Regélö századok by Pal Korcsmaros
Regélö századok

Pal Korcsmáros was a Hungarian journalist, comic book illustrator, and one of the most important creators of the socialist era. He was a self-taught artist. After finishing his studies in commerce, he became a draughtsman. Later he worked as a scene painter for films and then became a courtroom illustrator/correspondent.

During World War II, he fasified documents for persecuted people. After 1945, he worked as a journalist for a while, yet his caricatures and erotic drawings were much in demand among countless newspapers (e.g. Pesti Izé). When these papers would be banned in the 1950s, he illustrated slides mostly.

The Count of Monte Christo, by Pal Korcsmaros
The Count of Monte Christo

His first comic book story, 'Hazádnak rendületlenül...' was published in 1955, after the slackening of the autocracy of Rákosi. After the revolution, in 1957, he joined a group of artists and founded Füles, a popular crossword magazine. He worked here as contributing editor until his death.

Indul a bakterház by Pal Korcsmaros
Indul a bakterház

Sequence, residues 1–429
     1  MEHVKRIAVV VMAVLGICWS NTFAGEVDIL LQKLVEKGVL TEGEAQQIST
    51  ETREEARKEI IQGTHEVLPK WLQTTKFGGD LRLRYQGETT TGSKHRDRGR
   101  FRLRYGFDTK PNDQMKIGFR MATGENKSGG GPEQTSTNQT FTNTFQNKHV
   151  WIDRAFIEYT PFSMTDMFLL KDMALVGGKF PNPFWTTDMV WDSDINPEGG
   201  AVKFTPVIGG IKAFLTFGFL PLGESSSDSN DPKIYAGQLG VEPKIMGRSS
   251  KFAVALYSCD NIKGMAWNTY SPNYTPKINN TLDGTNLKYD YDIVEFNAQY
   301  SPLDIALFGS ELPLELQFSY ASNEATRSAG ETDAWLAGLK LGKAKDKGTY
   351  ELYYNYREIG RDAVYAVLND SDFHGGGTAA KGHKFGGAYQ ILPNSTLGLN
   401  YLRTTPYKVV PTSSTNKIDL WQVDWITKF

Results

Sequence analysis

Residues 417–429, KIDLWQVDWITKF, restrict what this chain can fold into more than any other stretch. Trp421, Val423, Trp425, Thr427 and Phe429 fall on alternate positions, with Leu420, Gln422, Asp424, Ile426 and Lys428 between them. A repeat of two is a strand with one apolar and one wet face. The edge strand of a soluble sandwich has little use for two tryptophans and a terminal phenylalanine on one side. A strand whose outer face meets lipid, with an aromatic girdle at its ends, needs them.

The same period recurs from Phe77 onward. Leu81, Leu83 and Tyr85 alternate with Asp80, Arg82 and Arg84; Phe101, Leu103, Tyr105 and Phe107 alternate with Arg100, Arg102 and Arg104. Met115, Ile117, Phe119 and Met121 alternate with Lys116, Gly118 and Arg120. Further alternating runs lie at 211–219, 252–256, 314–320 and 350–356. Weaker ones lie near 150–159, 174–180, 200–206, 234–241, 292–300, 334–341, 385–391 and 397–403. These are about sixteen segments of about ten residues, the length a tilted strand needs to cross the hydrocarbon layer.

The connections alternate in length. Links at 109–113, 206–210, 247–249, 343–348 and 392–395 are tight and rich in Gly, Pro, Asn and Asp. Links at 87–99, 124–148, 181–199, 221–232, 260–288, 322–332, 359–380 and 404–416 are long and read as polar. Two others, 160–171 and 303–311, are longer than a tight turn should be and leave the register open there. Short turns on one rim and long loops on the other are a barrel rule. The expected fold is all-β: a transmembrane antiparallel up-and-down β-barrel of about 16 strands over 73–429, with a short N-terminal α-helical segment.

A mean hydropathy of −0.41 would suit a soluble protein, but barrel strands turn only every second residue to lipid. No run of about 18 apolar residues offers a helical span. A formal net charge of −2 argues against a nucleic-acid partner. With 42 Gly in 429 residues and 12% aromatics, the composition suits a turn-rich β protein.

It was the beginning of a 15-year long triumphant march and thus such emblematic comic book adaptations as 'A nyomorultak' ('Les Misérables'), 'A három testör' ('The Three Musketeers'), 'The Count of Monte Cristo' and 'Egri csillagok' ('Stars of Eger') were born.

The Count of Monte Christo, by Pal Korcsmaros
The Count of Monte Christo

Topping off his realistic style, he could provide his characters with such grotesque gestures, that he soon became the most authentic graphic interpreter of Hungarian author P. Howard's (Rejtö Jenö's) novels. On the top of his career, there were times when he produced 180 panels a month.

Piszkos Fred, a kapitány by Pal Korcsmaros
Piszkos Fred, a kapitány

His main works are Dumas' 'A három testör' ('The Three Musketeers', 1959), Géza Gárdonyi's 'Egri csillagok' ('Stars of Eger', 1959), János Arany's 'Toldi' (1963), Jenö Rejtö's 'Piszkos Fred, a kapitány' (1964), Sándor Rideg's 'Indul a bakterház' (1967) and Jenö Heltai's 'Az ezerkettedik éjszaka' (1973).

Pal Korcsmaros self-portraitPal Korcsmaros

site by Korcsmaros' grandson

(in Hungarian)

Series and books by Pal Korcsmaros you can order today:


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